Current inventory[edit]

Mexico’s Boeing 787 on touch down
A Eurocopter EC725 at Mexico City International Airport
A T-6C Texan II on display
A Bell 412EP of the Mexican Air Force
Fuerza Aerea Mexicana C-130
Aircraft Origin Type Variant In service Notes
Combat Aircraft
T-6 Texan II United States light attack AT-6C+ 34[26] 14 on order
Pilatus PC-7 Switzerland light attack 35[26]
Embraer E-99 Brazil AEW&C 1[26]
Maritime Patrol
Embraer R-99 Brazil maritime patrol R-99 2[26]
King Air United States surveillance 350 1[26]
Metroliner IV United States reconnaissance 3[26]
Cessna Citation I United States surveillance 2[26]
Boeing 787 United States VIP 787-8 1[27]
Boeing 737 United States VIP 2 1 on order[26]
C-27J Spartan Italy utility transport 4[26]
CASA C-295 Spain utility transport C-295M/C-295W 8[26]
C-130 Hercules United States transport C-130H/L/L-100 7[26]
Super King Air United States utility transport 90/300/350 7[26]
Turbo Commander United States transport 3[26]
Pilatus PC-6 Switzerland utility / transport 3[26] STOL capable aircraft
MD500 United States light utility 14[26]
Bell 206 United States utility 35[26]
Bell 407 United States utility 24[26]
Bell 412 United States utility 18[26]
Bell UH-1 United States utility UH-1H 7[26]
Sikorsky UH-60 United States utility UH-60M 9 31 on order[26]
Mil Mi-17 Russia utility Mi-8/17 28[26]
Eurocopter EC725 France SAR / utility 11 6 on order[26]
Trainer Aircraft
Pilatus PC-7 Switzerland trainer 31[26]
Pilatus PC-9 Switzerland trainer 1[26]
Grob G 120TP Germany basic trainer 25[26]
SIAI-Marchetti SF.260 Italy trainer 25[26]
T-6 Texan II United States trainer T-6C 34 14 on order[26]
Bell 206 United States trainer / utility 11[26]
Elbit Hermes 450 Israel surveillance 3[28]

See also[edit]


  1. ^ a b Silva Juárez, Angel (2 November 2013). "EPN designa a nuevo Comandante de la Fuerza Aérea Mexicana". Estado Mayor. Estado Mayor. Retrieved 2013-11-03. 
  2. ^ "Los Orígenes". Archived from the original on April 26, 2012. Retrieved 2012-10-05. 
  3. ^ "Post-WWII Highlights in Latin American Aviation History". Smithsonian Center for Education and Museum Studies. 
  4. ^ Davila Cornejo, Hector (May 10, 2003). "The Azcarate Corsair". The Latin American Aviation Historical Society. Retrieved March 22, 2009. [dead link]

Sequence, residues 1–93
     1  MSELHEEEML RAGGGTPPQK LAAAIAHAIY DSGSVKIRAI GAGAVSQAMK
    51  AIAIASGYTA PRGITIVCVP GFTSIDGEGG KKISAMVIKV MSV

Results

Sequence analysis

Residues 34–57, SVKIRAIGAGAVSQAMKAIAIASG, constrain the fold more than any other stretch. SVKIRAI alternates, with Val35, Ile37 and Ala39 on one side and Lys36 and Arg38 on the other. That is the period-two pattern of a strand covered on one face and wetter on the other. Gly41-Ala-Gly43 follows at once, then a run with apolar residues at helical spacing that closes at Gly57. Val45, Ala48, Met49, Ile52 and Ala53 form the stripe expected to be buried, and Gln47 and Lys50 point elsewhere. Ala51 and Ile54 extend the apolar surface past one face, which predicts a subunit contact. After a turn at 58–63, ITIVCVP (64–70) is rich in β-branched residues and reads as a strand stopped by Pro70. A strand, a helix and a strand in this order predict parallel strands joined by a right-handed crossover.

5. ^ Davila Cornejo, Hector. "Los Corsarios Mexicanos" (in Spanish). Sistema Informativo Aeronáutico Latinoamericano. Archived from the original on March 26, 2009. Retrieved March 22, 2009. 
  6. ^ External links to the battle at Jiménez, Chihuahua, on 1929:[1], "Archived copy". Archived from the original on May 27, 2007. Retrieved 2008-03-11. , "Archived copy". Archived from the original on October 30, 2007. Retrieved 2008-03-11. 
  7. ^ Time magazine. June 6, 1938.
  8. ^ Klemen, L. "201st Mexican Fighter Squadron". The Netherlands East Indies 1941–1942. 201st Mexican Fighter Squadron
  9. ^ a b Vega, Aurora (2012-09-29). "Resguardan Aviones F-5 El Cielo Mexicano | Excelsior En Línea" (in Spanish). Excelsior En Línea. Retrieved 2014-08-04. 
  10. ^ "Summary of US Military Involvement in Chiapas, Mexico". Retrieved 2012-10-05. 
  11. ^ Guevara, Inigo (April 13, 2005). "Central and Latin America Database". Aztec Rotors. Retrieved May 20, 2009. 
  12. ^ Adrián, Jazmín (July 4, 2012). "Squadron 401 of F5 Northrop by Mexican Air Force celebrates 30 years". Retrieved July 20, 2014. 
  13. ^ a b "Mexico seeks to maintain F-5 fighter fleet". IHS Jane's Defence Weekly. Erwan de Cherisey, Paris. 23 September 2016. Archived from the original on 22 November 2016. Retrieved 22 November 2016. A FAM source told IHS Jane's the current F-5 fleet of 10 aircraft comprises only seven planes, including two twin-seat F-5Fs, in working condition. Of those, only the three that flew during the 16 September Military Parade are operational. The remaining three F-5E have been immobilised for years and at least two are understood to have been extensively cannibalised for spare parts. 
  14. ^ Jordi Díez; Ian Nicholls (January 2006). "The Mexican Armed Forces in Transition" (PDF). Strategic Studies Institute. 
  15. ^ "Refuerzan la flota aérea de Sedena". Retrieved 2012-10-05. 
  16. ^
  17. ^ Ranks
  18. ^ Douglas, Lawrence; Hansen, Taylor (2006). "Los orígenes de la Fuerza Aérea Mexicana 1913 -1915" (in Spanish). Universidad Autonoma del Estado de Mexico. Archived from the original on March 25, 2009. Retrieved March 22, 2009. 
  19. ^ "Adiestramiento y Capacitación" (in Spanish). Secretaria de la Defensa Nacional. 2009. Archived from the original on March 22, 2009. Retrieved March 22, 2009. 
  20. ^ FAM Virtual
  21. ^ "Escuela Militar de Aviación" (in Spanish). Secretaria de la Defensa Nacional. March 2009. Archived from the original on April 2, 2009. Retrieved March 22, 2009. 
  22. ^ "Escuela Militar de Especialistas de la Fuerza Aerea" (in Spanish). Secretaria de la Defensa Nacional. 2009. Archived from the original on March 10, 2009. Retrieved March 22, 2009. 
  23. ^ "Escuela Militar de Tropas Especialistas de la Fuerza Aerea" (in Spanish). Secretaria de la Defensa Nacional. 2009. Archived from the original on March 31, 2009. Retrieved March 22, 2009. 
  24. ^ "Escuela Militar de Mantenimiento y Abastecimiento." (in Spanish). Secretaria de la Defensa Nacional. 2009. Archived from the original on March 25, 2009. Retrieved March 22, 2009. 
  25. ^ "Admisión 2009 a Planteles Militares" (in Spanish). Secretaria de la Defensa Nacional. 2009. Archived from the original on March 19, 2009. Retrieved March 22, 2009. 
  26. ^ a b c d e f g h i j k l m n o p q r s t u v w x y z aa ab "World Air Forces 2017". Flightglobal Insight. 2017. Retrieved 19 March 2017. 
  27. ^ "Mexican air force 787 starts VIP conversion". Retrieved 19 March 2017. 
  28. ^ Garibian, Pablo (2010-08-24). "Mexico buys drones, may use for marijuana search". Reuters. 

External links[edit]